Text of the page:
MySQL Table Cache


MySQL Table Cache
The table cache is used to stores objects that represent tables.Each object in the cache holds associated table’s parsed .frm Each object in the cache contains the associated table’s parsed .frm file, plus other data.Exactly what else is in the object depends on the table’s storage engine.

For MyISAM, it holds the table data and/or index file descriptors.The table cache can help you reuse resources.For instance, when a query requests access to a MyISAM table, MySQL might be able to give it a file descriptor from the cached object. Although this does avoid the cost of opening a file descriptor, that’s not as expensive as you might think. Opening and closing file descriptors are very fast on local storage; the server should be able to do it a million times a second easily.The real benefit of the table cache is for MyISAM tables, where it lets the server avoid modifying the MyISAM file headers to mark a table.The table cache’s design is one of the areas where the separation between the server and the storage engines is not completely clean, for historical reasons.

The table cache is a little less important for InnoDB, because InnoDB doesn’t rely on it for as many
purposes (such as holding file descriptors; it has its own version of a table cache for this purpose ). However, even InnoDB benefits from caching the parsed .frm files.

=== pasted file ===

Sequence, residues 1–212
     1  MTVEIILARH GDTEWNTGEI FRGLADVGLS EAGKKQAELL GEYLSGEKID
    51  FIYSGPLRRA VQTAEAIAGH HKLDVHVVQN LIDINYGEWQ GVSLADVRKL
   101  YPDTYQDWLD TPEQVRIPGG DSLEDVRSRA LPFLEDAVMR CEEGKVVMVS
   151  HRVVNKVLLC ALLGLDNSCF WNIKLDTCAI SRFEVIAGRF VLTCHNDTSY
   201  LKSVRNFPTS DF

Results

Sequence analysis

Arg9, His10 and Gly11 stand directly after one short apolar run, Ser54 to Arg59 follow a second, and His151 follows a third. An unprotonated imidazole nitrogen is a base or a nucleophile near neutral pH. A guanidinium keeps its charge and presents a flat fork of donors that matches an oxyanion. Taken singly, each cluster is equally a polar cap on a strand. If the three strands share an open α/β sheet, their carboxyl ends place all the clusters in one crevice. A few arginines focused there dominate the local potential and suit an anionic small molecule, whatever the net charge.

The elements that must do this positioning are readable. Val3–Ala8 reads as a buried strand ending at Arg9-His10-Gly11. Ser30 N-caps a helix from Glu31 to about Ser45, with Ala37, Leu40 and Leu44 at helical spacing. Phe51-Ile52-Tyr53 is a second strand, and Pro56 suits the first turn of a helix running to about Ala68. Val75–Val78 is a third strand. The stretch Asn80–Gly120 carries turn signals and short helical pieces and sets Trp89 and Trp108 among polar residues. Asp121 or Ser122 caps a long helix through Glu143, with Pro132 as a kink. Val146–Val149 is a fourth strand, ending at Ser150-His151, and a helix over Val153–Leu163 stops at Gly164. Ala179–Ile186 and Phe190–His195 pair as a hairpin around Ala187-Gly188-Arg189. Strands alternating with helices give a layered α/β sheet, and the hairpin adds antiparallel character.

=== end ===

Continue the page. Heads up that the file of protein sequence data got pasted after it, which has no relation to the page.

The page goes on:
The table cache is separated into two parts:
a. A cache of open tables
b. A table definition cache (configured via the table_open_cache and table_definition
_cache variables).

Thus, the table definitions (the parsed .frm files) are separated from the other resources, such as file descriptors.Opened tables are still per-thread, per-table-used, but the table definitions are global and can be shared among all connections efficiently.You can generally set table_definition_cache high enough to cache all your table definitions.Unless you have tens of thousands of tables, this is likely to be the easiest approach.If the Opened_tables status variable is large or increasing, the table cache might not be large enough, and you can consider increasing the table_cache system variable (or table_open_cache, in MySQL 5.1).However, note that this counter increases when you create and drop temporary tables, so if you do that a lot, you’ll never get the counter to stop increasing.One downside to making the table cache very large is that it might cause longer shutdown times when your server has a lot of MyISAM tables, because the key blocks have to be flushed and the tables have to be marked as no longer open. It can also make FLUSH TABLES WITH READ LOCK take a long time to complete, for the same reason.More seriously, the algorithms that check the table cache aren’t very efficient; more on this later.

If you get errors indicating that MySQL can’t open any more files, you might need to increase the number of files MySQL is allowed to keep open. You can do this with the open_files_limit server variable in your my.cnf file.

The table caches don’t really use much memory, and it can be beneficial when it conserve resources. Although creating a new thread and opening a new table aren’t really expensive compared to other things MySQL might do, the overhead can add up. Caching threads and tables can sometimes improve efficiency.

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